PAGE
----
The most popular surround sound formats are DTS and Dolby Digital. Both audio compression technologies allow moviemakers to record quality surround sound that can be reproduced at home by your audio system, but which one does it better?  Learn the difference between DTS and Dolby Digital and see which one delivers the most spine-tingling and immersive sound. 

What’s Dolby Digital?

Dolby Digital is a multi-channel audio format created by Dolby Labs. Even if you’ve never heard of DTS, you’ve probably heard of Dolby Digital before. When it comes to surround sound, Dolby Digital is considered the industry standard. That doesn’t have anything to do with its superiority. Dolby Labs has simply been around longer than DTS.  Dolby Digital made its debut in Batman Returns in 1992. Since then, Dolby has introduced several advanced audio codecs, including Dolby TrueHD and Dolby Atmos.  TrueHD is a lossless format that promises to deliver sound identical to the movie studio’s master recording.  Atmos is a next-generation audio system which according to Dolby, is “the most significant development in cinema audio since surround sound.” 

What’s DTS?

DTS (originally Digital Theater Systems) first appeared back in 1993. Straight away, they began competing with Dolby Digital for the superior surround sound format title. The first movie to use DTS was Steven Spielberg’s Jurassic Park, which launched DTS’ popularity.  Since then, the company started producing consumer hardware and released many more advanced surround sound formats. This included a lossless format known as DTS-HD Master Audio and DTS:X — a rival for Dolby’s Atmos.  Generally, DTS isn’t as widely known (or available for that matter) as Dolby Digital. However, some users believe that it’s a superior format as it encodes audio at higher bit rates. 

DTS vs. Dolby Digital: The Similarities

Most high-end audio systems available for setting up at home support both Dolby Digital and DTS. In their basic form, both Dolby Digital and DTS offer surround sound codecs for 5.1 setups — a typical home cinema system with five speakers and one subwoofer. More advanced versions of the formats support 7.1 – channels, overhead speakers, and HD surround sound. Today, both standards are equally used by studios to compress dense files with multi-channel audio and save space on disc (for DVD or Blu-Ray) or streaming bandwidth (for services like Netflix).  Both Dolby and DTS have “lossy” and “lossless” codecs. The audio of the lossy version will differ to some degree from the source, while lossless formats promise to deliver studio-level audio performance, but with some compression.  Dolby and DTS use extra technologies like enhanced surround sound for better immersion, specific encoders for stereo sound, and object-based sound effects for added realism.  Other than your home cinema, you can find both DTS and Dolby Digital on your computer, smartphone, Blu-Ray player, or gaming console.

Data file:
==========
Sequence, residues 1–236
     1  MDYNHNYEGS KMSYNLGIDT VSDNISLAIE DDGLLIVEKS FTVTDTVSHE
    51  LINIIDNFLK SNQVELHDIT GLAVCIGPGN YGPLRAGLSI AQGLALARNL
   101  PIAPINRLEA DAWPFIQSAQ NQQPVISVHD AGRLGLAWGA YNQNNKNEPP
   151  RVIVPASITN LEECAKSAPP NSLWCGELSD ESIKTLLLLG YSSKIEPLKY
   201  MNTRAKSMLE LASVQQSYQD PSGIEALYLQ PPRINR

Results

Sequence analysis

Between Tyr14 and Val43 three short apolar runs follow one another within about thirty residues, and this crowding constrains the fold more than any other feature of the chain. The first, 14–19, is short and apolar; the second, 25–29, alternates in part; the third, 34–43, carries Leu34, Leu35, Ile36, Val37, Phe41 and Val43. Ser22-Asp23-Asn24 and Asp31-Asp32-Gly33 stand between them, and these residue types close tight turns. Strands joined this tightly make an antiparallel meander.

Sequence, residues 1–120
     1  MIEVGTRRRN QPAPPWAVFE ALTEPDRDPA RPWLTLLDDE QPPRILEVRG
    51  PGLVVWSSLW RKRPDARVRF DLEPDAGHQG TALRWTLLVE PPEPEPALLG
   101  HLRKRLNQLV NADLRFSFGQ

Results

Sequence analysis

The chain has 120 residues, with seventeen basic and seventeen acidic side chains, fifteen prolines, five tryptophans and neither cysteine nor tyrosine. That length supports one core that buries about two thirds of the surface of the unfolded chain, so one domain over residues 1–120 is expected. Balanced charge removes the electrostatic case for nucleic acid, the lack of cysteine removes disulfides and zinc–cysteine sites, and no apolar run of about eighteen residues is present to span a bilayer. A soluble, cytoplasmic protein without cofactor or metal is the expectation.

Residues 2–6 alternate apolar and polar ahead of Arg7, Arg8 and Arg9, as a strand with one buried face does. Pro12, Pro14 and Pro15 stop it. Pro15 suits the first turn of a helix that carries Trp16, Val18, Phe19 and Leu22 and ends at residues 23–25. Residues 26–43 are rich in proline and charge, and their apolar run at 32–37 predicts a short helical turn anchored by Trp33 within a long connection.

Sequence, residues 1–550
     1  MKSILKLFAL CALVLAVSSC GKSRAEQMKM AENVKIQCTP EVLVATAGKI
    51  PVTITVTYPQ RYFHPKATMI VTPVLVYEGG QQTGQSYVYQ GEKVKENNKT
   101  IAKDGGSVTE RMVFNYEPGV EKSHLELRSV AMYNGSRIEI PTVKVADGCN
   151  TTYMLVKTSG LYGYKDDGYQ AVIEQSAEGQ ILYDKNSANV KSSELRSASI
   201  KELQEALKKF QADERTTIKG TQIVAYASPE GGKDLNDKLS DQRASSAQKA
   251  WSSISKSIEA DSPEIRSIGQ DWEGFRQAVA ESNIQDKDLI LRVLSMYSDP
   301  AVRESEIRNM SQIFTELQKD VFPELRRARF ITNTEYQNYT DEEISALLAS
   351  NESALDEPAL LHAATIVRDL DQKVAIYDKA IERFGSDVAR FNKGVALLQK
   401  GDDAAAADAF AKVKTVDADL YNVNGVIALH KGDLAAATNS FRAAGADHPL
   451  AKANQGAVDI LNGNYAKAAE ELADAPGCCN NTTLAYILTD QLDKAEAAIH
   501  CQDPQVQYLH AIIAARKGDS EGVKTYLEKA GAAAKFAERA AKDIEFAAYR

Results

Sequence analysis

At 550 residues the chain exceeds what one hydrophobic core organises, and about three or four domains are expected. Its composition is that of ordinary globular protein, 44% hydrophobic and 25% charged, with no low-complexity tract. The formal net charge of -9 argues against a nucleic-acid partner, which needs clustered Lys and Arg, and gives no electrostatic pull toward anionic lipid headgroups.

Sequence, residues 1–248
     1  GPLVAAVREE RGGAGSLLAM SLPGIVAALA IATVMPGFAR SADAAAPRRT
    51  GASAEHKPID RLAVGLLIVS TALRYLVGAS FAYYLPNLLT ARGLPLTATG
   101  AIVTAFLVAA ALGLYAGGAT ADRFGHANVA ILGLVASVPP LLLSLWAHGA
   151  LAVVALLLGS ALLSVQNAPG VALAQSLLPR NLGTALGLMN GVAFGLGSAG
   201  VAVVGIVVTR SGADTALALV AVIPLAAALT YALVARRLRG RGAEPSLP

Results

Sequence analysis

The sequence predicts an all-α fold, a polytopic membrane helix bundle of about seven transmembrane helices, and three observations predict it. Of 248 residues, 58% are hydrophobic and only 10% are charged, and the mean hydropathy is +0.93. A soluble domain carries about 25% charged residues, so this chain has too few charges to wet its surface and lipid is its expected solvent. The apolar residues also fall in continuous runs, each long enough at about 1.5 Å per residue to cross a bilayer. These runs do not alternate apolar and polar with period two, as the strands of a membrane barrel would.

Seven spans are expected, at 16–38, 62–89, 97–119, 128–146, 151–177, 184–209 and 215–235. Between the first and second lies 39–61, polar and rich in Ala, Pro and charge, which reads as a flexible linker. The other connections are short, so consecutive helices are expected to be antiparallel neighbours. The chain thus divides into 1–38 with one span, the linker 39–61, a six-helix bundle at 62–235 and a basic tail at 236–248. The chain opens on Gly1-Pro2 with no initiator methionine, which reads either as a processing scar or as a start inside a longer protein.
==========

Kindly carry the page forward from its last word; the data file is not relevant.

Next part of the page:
DTS vs. Dolby Digital: The Differences

Each of the standards comes with different quality options (or tiers) for different forms of media. Here are the different options for each:


DTS Digital Surround: 5.1 max channel sound at 1.5 megabits per second (widely used on DVDs)DTS-HD High Resolution: 7.1 max channel sound at 6 megabits per second (supported by services like Netflix)DTS-HD Master Audio: 7.1 max channel sound at 24.5 megabits per second (“lossless” quality available on Blu-Ray discs)DTS:X

Dolby Digital

Dolby Digital: 5.1 max channel sound at 640 kilobits per second Dolby Digital Plus: 7.1 max channel sound at 1.7 megabits per secondDolby TrueHD: 7.1 max channel sound at 18 megabits per second (“lossless”)Dolby Atmos

While both standards are relatively close in audio performance, there are certainly some technical differences that separate them.  The main difference between DTS and Dolby Digital is in the bitrates and compression levels. 


DTS Surround compresses 5.1 digital audio data applying a maximum bit rate of up to 1.5 megabits per second. On DVD, the bitrate is limited to around 768 kilobits per second. DTS requires compression of about 4:1 (due to the higher bitrate supported by the format).

Dolby Digital:

Dolby Digital applies a bitrate of 640 kilobits per second on Blu-Ray discs.On DVD, the bitrate is limited to 448 kbps. Dolby Digital has to use compression of around 10:1 to squeeze in the same amount of data as DTS.

In theory, the lesser the compression used in the encoding, the more realistic sound you get. DTS seems to have a clear advantage over Dolby Digital due to the higher bitrate in all of its versions on specs alone.  But that’s not enough to determine which of the two standards offers a more realistic sound experience. You have to consider other factors like the signal-to-noise ratio, speaker calibration, or dynamic range. 

Which One is Superior: DTS or Dolby Digital? 

While DTS might seem superior on paper, the difference between DTS and Dolby Digital is subjective and depends a lot on a specific user and their sound system setup.  If you haven’t invested a lot of money in your sound system, you might not notice any difference. In that case, you’ll be fine with whichever one you chose for your home theater setup. But if you’re an audiophile planning to spend some serious money on a top-performance receiver and speakers, then it’s best to test both and make a final decision based on your preferences.  DTS or Dolby Digital? What’s your personal favorite and why? Share your experience with these surround sound formats in the comments section below. 

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